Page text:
Along this timeline, Stuart weaves the love story between Lucy Flucker and Henry Knox as one of utter devotion. From the time she marries the poor Boston bookseller, Lucy’s unflagging commitment to ‘her Harry’ and his for her, is enviable. Joining her husband in army camps whenever possible, Lucy perseveres through eight years of revolution and beyond despite periods of deprivation, separation and the loss of several children. Though obviously despondent over their deaths, Lucy never seemed unduly affected by Knox’s celebrity or eclipsed by his overall stature or personality. In fact, the two seem to balance one another, as noted in correspondence of the time. The general’s jovial, optimistic nature and loving indulgence of his wife helped balance the dark days and years of loss and war. A faithful companion in camps, Lucy’s amiable hostessing, sewing circles and Patriotic support was counter-balanced by her extravagance. Having married Knox for love not money, Lucy apparently never fully sheds her loyalist grandeur and entertains throughout her marriage to the detriment of family finances. The tribulations of war, deaths of her offspring and subsequent bouts of depression may have contributed to Lucy’s infamous card playing and spending and so the reader feels empathy as Knox apparently tries to replace her pain.
Following the death of their spouses, neither Peggy Shippen Arnold nor Lucy Flucker Knox remarried and both assumed the mantle of responsibility for their children’s futures carrying on despite great emotional pain, lingering financial concerns and foggy futures.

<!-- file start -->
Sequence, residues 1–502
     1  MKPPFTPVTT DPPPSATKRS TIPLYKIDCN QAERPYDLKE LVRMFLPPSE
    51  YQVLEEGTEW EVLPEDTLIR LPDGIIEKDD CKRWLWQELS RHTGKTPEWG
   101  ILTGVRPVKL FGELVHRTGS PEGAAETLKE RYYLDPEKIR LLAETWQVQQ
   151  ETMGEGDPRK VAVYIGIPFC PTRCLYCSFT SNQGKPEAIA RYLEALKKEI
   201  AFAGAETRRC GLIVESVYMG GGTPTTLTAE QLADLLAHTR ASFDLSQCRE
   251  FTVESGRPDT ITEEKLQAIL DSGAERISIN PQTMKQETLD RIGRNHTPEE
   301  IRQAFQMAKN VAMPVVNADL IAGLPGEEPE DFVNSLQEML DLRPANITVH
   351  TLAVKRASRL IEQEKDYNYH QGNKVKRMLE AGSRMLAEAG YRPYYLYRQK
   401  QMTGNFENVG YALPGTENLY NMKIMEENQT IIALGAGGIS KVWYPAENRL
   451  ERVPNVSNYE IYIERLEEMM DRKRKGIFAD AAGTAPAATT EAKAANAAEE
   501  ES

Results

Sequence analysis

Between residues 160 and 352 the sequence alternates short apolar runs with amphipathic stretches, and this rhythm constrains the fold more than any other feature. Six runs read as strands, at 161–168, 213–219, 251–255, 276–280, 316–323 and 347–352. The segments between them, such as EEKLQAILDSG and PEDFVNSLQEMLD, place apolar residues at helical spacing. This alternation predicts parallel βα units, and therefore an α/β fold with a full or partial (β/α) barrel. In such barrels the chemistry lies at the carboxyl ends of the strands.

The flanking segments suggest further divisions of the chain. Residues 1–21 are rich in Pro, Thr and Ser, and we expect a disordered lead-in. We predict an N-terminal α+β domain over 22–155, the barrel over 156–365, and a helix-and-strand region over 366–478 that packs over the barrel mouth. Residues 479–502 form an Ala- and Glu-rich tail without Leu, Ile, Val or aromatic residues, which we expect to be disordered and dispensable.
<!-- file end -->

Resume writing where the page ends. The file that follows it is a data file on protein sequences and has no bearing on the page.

This deftly written book seamlessly weaves historical fact with narrative across years of pre and post Revolutionary America in which Stuart bridges the gap between the Founding Fathers and the women who stood by their sides, cared for or lost children, homes and family connections. Thanks to meticulous research that included letters, military doctrines, journals and numerous onsite research efforts, readers will enjoy a ride across time, war, marriage and choices. While there are large gaps in time, this is due to the lack of historical record or available correspondence and Stuart does quite an admirable job of bridging these to join the story together and keeps it flowing. A highly recommended book that is at once as readable and interesting, as it is historical and fascinating.